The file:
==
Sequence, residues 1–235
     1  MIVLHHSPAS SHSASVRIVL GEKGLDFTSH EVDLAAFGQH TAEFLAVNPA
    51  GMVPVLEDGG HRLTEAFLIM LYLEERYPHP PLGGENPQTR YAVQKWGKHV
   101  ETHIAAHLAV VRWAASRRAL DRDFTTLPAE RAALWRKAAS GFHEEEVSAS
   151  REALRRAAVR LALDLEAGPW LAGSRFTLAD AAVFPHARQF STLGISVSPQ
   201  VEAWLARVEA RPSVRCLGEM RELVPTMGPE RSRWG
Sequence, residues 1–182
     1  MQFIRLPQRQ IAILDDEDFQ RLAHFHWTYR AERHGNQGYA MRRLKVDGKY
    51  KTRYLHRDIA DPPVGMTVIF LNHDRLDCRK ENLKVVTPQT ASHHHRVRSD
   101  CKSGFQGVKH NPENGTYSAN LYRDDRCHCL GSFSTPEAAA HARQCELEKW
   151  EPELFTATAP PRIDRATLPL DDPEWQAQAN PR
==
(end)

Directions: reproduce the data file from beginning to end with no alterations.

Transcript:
Sequence, residues 1–235
     1  MIVLHHSPAS SHSASVRIVL GEKGLDFTSH EVDLAAFGQH TAEFLAVNPA
    51  GMVPVLEDGG HRLTEAFLIM LYLEERYPHP PLGGENPQTR YAVQKWGKHV
   101  ETHIAAHLAV VRWAASRRAL DRDFTTLPAE RAALWRKAAS GFHEEEVSAS
   151  REALRRAAVR LALDLEAGPW LAGSRFTLAD AAVFPHARQF STLGISVSPQ
   201  VEAWLARVEA RPSVRCLGEM RELVPTMGPE RSRWG
Sequence, residues 1–182
     1  MQFIRLPQRQ IAILDDEDFQ RLAHFHWTYR AERHGNQGYA MRRLKVDGKY
    51  KTRYLHRDIA DPPVGMTVIF LNHDRLDCRK ENLKVVTPQT ASHHHRVRSD
   101  CKSGFQGVKH NPENGTYSAN LYRDDRCHCL GSFSTPEAAA HARQCELEKW
   151  EPELFTATAP PRIDRATLPL DDPEWQAQAN PR